Ian thinks: There is so much to love about the Mozilla festival and 2022 will include a virtual mozfest and a more distributed programme over months. Its exciting to be part of something special.

App tracking via tunnel technology

Ian thinks: I always found tunneling technologies like VPNs powerful ways to understand the characteristics of networks. Duck duck go’s app tracking uses the technique to shine a light on app surveillance on Android devices.

WordPress Matt’s humble thoughts on saving the internet

Ian thinks: Personally I find Matt Mullenweg one of the most humble and thoughtful people out of the valley. I would never underestimate him and the open interconnected services he’s creating. I find this profile of him clearly one to watch.

Technocultural through the eyes of black technology

Ian thinks: This talk by Dr Andre Brook is a strong talk given at Microsoft with a lot of pointers to positive alternative technologies and approaches which benefit all minorities.

1000 true fans, back with a vengeance?

Ian thinks: Kevin Kelly’s original blog was well thought out and this follow on looking at coming technology does give Kevin’s original blog a lot of legs.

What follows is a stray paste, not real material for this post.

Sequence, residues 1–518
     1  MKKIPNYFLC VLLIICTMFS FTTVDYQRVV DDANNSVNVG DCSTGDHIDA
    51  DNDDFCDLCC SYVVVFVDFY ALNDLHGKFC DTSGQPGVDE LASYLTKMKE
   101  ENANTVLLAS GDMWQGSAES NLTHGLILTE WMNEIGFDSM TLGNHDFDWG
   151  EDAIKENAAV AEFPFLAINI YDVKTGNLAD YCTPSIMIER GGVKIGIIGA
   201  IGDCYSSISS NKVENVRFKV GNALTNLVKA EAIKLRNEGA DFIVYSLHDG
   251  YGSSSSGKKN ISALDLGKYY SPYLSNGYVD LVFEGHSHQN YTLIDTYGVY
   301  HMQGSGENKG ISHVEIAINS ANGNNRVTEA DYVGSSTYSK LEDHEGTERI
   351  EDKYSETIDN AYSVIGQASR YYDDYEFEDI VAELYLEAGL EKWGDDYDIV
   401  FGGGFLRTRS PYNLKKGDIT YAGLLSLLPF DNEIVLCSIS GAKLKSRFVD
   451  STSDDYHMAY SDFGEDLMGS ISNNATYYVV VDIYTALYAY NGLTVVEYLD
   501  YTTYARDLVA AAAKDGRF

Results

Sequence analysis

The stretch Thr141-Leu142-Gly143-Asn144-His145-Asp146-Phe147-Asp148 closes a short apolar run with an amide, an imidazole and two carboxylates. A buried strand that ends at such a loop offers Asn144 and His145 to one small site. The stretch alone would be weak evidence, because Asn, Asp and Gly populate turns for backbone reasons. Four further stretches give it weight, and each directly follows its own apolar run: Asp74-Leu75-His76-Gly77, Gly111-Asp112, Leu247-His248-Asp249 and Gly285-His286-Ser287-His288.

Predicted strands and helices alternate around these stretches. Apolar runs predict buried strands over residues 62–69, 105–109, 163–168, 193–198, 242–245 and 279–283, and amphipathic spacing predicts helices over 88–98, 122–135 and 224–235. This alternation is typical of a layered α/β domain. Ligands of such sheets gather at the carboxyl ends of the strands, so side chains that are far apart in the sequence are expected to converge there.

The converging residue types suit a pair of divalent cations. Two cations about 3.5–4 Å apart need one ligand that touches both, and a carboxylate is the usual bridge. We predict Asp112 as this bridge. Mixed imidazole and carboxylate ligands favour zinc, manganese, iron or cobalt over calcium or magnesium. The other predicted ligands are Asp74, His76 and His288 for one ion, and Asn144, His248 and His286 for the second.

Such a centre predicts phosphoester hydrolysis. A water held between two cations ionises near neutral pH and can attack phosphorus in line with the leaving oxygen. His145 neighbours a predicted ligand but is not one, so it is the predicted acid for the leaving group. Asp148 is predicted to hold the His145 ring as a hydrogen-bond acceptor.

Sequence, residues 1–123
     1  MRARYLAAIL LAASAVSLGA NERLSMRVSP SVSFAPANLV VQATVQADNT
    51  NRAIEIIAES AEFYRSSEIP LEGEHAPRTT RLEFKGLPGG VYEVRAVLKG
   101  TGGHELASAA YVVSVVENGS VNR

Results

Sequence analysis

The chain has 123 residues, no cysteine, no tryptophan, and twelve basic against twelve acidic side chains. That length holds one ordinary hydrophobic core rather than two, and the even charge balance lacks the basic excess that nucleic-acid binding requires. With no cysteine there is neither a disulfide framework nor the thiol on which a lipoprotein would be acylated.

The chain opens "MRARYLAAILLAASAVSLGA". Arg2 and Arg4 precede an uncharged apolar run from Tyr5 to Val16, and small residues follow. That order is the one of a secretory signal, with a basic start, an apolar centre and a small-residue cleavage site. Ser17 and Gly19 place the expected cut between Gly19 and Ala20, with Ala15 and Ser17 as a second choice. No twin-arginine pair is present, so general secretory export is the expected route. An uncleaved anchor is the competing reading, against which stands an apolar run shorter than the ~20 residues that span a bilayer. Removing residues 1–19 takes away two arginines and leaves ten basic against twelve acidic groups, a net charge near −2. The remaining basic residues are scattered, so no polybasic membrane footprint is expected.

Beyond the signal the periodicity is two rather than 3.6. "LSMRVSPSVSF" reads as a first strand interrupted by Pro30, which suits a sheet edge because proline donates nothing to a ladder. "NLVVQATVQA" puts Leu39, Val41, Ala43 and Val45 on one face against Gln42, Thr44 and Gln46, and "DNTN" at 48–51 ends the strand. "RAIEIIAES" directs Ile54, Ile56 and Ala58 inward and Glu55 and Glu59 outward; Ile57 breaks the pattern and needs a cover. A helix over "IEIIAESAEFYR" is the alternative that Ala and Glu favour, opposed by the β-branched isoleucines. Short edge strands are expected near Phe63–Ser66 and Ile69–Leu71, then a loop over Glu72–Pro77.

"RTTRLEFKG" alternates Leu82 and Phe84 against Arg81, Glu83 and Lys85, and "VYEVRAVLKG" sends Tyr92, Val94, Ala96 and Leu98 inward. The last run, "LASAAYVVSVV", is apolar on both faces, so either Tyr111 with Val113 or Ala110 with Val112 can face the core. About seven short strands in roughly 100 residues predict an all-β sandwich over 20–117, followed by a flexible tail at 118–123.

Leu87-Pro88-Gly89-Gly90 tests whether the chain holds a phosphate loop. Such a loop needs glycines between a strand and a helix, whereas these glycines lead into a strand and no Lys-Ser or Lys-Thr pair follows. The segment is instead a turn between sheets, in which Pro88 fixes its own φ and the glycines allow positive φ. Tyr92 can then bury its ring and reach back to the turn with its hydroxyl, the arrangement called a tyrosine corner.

Sleep walking into an advertisers dream

Ian thinks: Although very much early days, the studies so far are alarming and needs a lot of consideration. They had me, as someone who tracks their sleep every night.

Calculating the true environmental impact of AI

Ian thinks: Quantifying the carbon impact of different aspects of our lives is critical. What I like about this is not just applying it AI systems but the different practical methods being developed.

Could Filecoin be used for more public service purposes?

Ian thinks: Within this interesting discussion, there is aspects which could be useful for the public service internet. Shame Kevin pulls Mikeal off talking about it in detail.

The Economist’s 2022 look ahead has a couple of good points

Ian thinks: These prediction type things are everywhere at the start of the year. However I did find 2 stories about African fashion and Hybrid work, had some good points.

The last word on Meta

Ian thinks: This Vice documentary pretty much sums up everything to be said about Facebook/Meta. Even includes Lawrence Lessig along other smart people.